Meat Smoking And Smokehouse Design

Meat Smoking And Smokehouse Design

3.6 6
by Stanley Marianski, Adam Marianski, Robert Marianski
     
 

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Here is your complete reference on curing, smoking and cooking meats. Most books on smoking just give some elementary information and then are filled with recipes; this book is the reverse, scholarly information and theory as it applies to smoking meats and a few recipes that will get one started. While various recipes usually get the spotlight, it is the authors'

Overview

Here is your complete reference on curing, smoking and cooking meats. Most books on smoking just give some elementary information and then are filled with recipes; this book is the reverse, scholarly information and theory as it applies to smoking meats and a few recipes that will get one started. While various recipes usually get the spotlight, it is the authors' opinion that the technical know-how behind preparing meats and sausages is far more important. There is a section with some basic recipes, but after reading the book one should be able to create his own recipes without much effort. The book explains differences between grilling, barbecuing and smoking. The sections on smokehouse design include over 250 construction diagrams and photos that cover most known methods: masonry, portable, wood, concrete, and drum smokers. After reading this book a reader will fully comprehend what can be expected of any particular smoker and how to build one that will conform to his individual needs. The book will benefit the serious smoker as well as the beginner.

Product Details

ISBN-13:
9780982426708
Publisher:
Bookmagic
Publication date:
08/01/2009
Pages:
340
Sales rank:
260,879
Product dimensions:
5.90(w) x 9.00(h) x 0.80(d)

Read an Excerpt

1.3 Smoking, barbecuing, and grilling.

A lot of people don’t understand the difference between smoking, barbecuing, and grilling. When grilling, you quickly seal in the juices from the piece you are cooking. Grilling takes minutes. Smoking takes hours, sometimes even days.

Don’t be fooled by the common misconception that by throwing some wet wood chips over hot coals you can smoke your meat. At best you can only add some flavor on the outside because the moment the outside surface of the meat becomes dry and cooked, a significant barrier exists that prevents smoke penetration.

A properly smoked piece of meat has to be thoroughly smoked, on the outside and everywhere inside. Only prolonged cold smoking will achieve that result. Smoking when grilling is no better than pumping liquid smoke into it and claiming that the product is smoked now.

Let’s unravel some of the mystery. All these methods are different from each other, especially smoking and grilling. The main factor separating them is temperature

Smoking - almost no heat, 52° - 140° F, (12° - 60° C), 1 hr to 2 weeks
Barbecuing - low heat, 200° - 300° F, (93° - 150° C) few hours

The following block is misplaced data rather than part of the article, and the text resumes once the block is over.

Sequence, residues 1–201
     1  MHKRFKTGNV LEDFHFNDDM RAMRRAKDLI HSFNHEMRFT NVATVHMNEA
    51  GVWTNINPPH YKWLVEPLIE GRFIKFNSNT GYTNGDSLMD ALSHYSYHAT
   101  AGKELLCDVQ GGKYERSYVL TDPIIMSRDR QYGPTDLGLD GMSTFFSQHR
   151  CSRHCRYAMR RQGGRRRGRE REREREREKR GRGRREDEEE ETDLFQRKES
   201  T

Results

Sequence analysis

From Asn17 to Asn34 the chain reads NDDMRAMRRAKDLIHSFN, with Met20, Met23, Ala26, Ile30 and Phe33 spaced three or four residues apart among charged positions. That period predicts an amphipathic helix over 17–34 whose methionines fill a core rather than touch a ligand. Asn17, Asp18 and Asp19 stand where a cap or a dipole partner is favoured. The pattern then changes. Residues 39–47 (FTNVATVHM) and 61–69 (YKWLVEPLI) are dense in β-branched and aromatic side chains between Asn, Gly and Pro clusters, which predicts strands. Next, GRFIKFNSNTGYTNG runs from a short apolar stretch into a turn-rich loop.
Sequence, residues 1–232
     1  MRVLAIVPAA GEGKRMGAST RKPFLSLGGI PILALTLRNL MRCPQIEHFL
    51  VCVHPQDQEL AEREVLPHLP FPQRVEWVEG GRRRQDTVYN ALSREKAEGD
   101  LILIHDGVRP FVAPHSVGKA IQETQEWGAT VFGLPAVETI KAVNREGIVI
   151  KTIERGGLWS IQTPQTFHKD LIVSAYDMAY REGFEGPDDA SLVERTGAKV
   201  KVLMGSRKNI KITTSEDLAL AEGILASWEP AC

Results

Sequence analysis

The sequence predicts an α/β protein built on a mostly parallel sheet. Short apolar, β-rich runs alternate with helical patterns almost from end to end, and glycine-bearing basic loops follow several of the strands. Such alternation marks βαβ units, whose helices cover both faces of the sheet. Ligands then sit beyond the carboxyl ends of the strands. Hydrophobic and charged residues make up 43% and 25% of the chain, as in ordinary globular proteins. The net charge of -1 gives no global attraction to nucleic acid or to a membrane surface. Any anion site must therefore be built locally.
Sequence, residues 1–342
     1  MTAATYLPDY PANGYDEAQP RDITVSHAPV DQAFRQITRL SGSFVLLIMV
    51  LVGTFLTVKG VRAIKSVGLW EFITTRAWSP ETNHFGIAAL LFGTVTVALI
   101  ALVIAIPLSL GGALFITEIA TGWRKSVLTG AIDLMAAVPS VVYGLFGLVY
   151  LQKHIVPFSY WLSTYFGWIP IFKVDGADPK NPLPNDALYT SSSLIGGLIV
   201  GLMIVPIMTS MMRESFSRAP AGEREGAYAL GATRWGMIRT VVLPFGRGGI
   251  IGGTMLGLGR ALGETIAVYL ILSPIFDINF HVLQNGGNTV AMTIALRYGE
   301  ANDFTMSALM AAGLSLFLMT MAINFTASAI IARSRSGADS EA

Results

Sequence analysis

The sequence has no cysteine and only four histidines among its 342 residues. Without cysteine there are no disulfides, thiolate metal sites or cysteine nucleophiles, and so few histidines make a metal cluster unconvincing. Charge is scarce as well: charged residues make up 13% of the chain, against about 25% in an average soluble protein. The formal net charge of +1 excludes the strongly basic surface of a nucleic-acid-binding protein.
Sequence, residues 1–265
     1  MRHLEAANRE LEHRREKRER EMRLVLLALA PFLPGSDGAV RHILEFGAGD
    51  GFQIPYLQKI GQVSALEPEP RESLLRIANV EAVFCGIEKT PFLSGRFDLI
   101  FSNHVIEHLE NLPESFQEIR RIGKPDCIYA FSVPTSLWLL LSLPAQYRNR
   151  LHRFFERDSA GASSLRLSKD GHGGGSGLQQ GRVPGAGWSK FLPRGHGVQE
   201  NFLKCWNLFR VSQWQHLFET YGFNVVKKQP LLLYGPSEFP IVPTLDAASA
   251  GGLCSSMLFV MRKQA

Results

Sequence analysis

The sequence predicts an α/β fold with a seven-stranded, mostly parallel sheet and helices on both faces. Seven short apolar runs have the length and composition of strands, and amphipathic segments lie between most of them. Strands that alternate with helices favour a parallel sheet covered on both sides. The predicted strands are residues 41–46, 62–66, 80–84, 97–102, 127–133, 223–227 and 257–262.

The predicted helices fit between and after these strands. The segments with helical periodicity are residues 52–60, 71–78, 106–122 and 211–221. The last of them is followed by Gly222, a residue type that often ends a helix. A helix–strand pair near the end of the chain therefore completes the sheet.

Grilling - high heat, 500° F, (260° C), minutes

The purpose of grilling is to char the surface of meat and seal in the juices by creating a smoky caramelized crust. By the same token a barrier is erected that prevents smoke from flowing inside. The meat may have a somewhat smoky flavor on the outside but it was never smoked internally.

Barbecuing comes much closer, but not close enough. It is a long, slow, indirect, low-heat method that uses charcoal or wood pieces to smoke-cook the meat. The best definition is that barbecuing is cooking with smoke. It is ideally suited for large pieces of meat, like whole pigs. The temperature range of 200° -300° F is still too high to smoke meats since the fat that binds meat in sausages will melt away through the casings, and the final product will taste like bread crumbs.

Smoking is what it says: smoking meats with smoke that may or may not be followed by cooking. Some products are only smoked at low temperatures and never cooked, yet are safe to eat. Generally we may say that smoking in most cases consists of two steps:

Smoking
Cooking

After smoking is done we increase the temperature to about 170°F (76° C) to start cooking. We want to cook meats or sausages to 152 F° (67° C) internal temperature and here the quality and insulation of the smoker plays an important role. Nevertheless the main smoking process is performed below 140° F.

There are important differences between smoking and barbecuing. Barbecued or grilled meats are eaten immediately the moment they are done. Smoked meats are usually eaten at a later date. When smoking foods a higher degree of smoke penetration is needed and that can only be achieved at lower temperatures. Furthermore, smoked meats are eaten cold. Many great recipes require that smoked products hang for a designated time to lose more weight to become drier. It is only then that they are ready for consumption.

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Meat Smoking And Smokehouse Design 3.7 out of 5 based on 0 ratings. 6 reviews.
oldguymo More than 1 year ago
This book is more geared toward sausage makers, but it contained detailed descriptions of a variety of different smokers, which I found vry useful.
haniel More than 1 year ago
I bought this book for my son who lives in Alaska. he is a hunter and has lots of wild game meat to smoke, he has said the book is very helpful
KenSheek More than 1 year ago
Book is well written and clearly organized. Also starts at the beginning and keeps things simple for people just getting started with preserving their own meat.
kc73 More than 1 year ago
This book has the best information I ever found on building smokers. There are tons of instructions to build all kinds of smokers and delicious recipes for smoked foods. The instructions are easy to follow and I built a smoker that me and my family enjoy. Definitely a must have if you like smoked food.
Anonymous More than 1 year ago
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